How we got here
Early maps on parchment allowed travellers to find their way, representing landmarks and indicating relationships between distance and space.
The compass lead to a big step forward, as it meant there was a standard of direction. The compass needle always pointed toward the North Pole, enabling travellers to orient themselves. This lead to more accurate mapping.
Problems in mapping
Early mapping had the problem of reproducibility. Before the invention of the printing press, sharing a map meant hand-copying, which is slow and prone to mistakes. This was a big barrier to sharing geographic information.
The advent of the printing press allowed many copies of a map to be created relatively quickly, but updating the information on a map still involved creating new printing plates. It was quicker than hand copying, but still kept control of what was shown on maps in the hands of just a few people. Now many maps are digital, with the geographic dataset widely available to the public. Now everyone can access and use the same mapping information.
While mobile browser engines are becoming increasingly powerful and efficient, there is still a big benefit with respect to user experience to building a map feature into a native app rather than using a mobile web page.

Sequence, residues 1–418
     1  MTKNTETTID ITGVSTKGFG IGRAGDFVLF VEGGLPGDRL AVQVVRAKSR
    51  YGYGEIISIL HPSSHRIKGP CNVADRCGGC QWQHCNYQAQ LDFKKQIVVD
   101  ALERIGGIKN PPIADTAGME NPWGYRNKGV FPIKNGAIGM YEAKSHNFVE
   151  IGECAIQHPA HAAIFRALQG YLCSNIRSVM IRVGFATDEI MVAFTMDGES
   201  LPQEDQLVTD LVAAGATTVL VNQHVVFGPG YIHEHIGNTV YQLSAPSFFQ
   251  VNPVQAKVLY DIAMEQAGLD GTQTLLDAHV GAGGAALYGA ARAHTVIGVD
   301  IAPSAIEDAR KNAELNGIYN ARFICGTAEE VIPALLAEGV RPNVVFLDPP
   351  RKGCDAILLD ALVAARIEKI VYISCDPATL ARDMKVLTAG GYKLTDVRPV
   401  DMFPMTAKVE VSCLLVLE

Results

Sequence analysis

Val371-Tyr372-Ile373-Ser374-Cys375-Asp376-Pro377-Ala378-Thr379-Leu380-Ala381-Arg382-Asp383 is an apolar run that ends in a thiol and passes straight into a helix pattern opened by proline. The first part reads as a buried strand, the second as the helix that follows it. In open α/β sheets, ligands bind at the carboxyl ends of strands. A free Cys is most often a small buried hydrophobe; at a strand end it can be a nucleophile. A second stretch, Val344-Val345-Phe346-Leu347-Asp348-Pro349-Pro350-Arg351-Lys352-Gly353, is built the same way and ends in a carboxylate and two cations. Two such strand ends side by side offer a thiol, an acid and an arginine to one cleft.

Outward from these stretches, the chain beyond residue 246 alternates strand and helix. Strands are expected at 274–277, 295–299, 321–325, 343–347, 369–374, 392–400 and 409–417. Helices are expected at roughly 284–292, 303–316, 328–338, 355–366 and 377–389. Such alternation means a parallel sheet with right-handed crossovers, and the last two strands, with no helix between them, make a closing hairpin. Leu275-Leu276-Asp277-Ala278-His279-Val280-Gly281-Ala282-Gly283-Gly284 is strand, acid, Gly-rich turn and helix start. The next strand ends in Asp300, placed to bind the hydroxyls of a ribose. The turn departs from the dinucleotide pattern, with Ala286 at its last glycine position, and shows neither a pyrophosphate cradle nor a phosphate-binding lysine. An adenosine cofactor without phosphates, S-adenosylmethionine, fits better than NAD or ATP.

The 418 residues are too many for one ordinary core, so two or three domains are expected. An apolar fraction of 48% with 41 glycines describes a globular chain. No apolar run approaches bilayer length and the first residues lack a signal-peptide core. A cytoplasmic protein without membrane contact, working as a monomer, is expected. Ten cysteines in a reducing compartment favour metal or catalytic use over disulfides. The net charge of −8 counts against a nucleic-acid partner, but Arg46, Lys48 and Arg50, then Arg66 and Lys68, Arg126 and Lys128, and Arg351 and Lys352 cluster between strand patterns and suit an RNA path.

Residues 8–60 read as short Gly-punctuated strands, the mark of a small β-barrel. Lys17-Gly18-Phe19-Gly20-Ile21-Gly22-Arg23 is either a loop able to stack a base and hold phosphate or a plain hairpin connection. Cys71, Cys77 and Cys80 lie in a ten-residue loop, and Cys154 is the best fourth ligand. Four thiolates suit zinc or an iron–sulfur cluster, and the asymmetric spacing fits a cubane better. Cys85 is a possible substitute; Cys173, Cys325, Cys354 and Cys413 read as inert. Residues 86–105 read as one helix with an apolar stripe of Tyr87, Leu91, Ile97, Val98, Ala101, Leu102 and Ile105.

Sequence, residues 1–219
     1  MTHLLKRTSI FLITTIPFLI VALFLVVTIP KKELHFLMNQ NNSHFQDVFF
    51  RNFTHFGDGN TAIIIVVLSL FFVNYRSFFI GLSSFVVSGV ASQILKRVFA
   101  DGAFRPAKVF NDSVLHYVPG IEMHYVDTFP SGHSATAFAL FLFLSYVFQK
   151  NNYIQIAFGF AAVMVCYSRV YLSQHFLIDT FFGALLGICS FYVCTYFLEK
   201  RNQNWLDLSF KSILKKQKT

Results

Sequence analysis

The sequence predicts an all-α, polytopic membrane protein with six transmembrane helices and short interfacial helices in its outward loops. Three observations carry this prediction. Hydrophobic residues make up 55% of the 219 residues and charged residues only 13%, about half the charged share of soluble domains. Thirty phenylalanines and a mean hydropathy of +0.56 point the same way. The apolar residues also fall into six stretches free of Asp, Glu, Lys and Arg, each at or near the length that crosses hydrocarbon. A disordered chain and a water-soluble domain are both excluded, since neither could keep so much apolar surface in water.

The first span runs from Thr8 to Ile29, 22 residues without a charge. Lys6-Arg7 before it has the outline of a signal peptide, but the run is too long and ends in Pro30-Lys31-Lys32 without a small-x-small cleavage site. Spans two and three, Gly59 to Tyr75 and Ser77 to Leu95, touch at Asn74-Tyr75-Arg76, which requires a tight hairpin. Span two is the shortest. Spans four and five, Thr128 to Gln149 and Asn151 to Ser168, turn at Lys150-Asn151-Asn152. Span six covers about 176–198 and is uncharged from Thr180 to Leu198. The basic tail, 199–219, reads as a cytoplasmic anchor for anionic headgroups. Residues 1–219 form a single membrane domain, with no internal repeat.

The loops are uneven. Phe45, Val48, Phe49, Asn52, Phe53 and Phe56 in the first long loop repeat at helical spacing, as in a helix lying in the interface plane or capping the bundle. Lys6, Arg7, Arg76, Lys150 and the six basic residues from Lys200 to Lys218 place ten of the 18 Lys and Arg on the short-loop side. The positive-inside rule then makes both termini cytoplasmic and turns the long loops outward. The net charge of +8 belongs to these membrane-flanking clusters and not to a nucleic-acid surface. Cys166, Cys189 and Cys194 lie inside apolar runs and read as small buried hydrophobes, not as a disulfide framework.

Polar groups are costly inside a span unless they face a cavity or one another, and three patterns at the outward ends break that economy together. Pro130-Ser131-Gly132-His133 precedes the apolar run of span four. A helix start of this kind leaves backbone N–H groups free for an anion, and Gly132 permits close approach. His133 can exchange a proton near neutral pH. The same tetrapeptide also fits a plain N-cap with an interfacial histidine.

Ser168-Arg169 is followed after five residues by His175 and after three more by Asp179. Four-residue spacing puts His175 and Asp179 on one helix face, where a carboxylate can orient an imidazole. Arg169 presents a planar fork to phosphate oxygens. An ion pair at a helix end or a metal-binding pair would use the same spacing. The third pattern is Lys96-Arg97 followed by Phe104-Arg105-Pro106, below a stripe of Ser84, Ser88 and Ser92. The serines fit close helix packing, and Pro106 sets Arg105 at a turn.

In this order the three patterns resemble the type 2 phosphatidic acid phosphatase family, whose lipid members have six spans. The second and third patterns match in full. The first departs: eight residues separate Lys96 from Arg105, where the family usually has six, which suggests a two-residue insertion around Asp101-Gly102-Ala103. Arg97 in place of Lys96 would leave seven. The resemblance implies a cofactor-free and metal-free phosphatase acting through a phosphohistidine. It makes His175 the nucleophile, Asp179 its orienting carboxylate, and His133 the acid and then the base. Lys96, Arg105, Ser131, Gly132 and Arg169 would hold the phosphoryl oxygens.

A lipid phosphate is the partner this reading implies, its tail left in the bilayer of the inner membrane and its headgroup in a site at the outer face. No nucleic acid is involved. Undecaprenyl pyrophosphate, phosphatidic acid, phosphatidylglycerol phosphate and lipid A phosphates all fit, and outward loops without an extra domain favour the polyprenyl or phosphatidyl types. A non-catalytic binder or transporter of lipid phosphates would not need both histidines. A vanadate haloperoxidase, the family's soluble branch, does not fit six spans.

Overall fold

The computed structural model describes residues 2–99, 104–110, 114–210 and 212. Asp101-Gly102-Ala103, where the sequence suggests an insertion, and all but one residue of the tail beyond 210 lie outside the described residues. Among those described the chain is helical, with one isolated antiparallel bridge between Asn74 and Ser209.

Most phone operating systems allow developers to easily hook into the phone’s core mapping API, and therefore give access to a user’s phone location.
Native apps allow for things to happen based on the user’s current location. Notifications or events can be triggered in the background, within a native app, but this can’t yet be done on a mobile web page because mobile browsers don’t allow websites to make background connections to a phone user’s location.
Where does the future lead?
People increasingly rely on maps as a core technology of mobile phones to find their way around the world, when travelling or commuting.
Currently mobile technology means performance is still better in native apps than in mobile browsers for phones. However, the improved performance of mobile browser engines is starting to close the gap.
Examples and Code
If you feel limited by Google Maps’ styling, Mapbox’s customizable maps are a great place to start playing.
Tilemill is a layer that sits on top of Mapbox’s mapping technology. Its goal is to make the process of building beautiful interactive maps really simple, whether you’re a developer, journalist, or mapping hobbyist.
QGIS is an application that runs from your desktop, allowing you to edit, view, and analyze GIS data.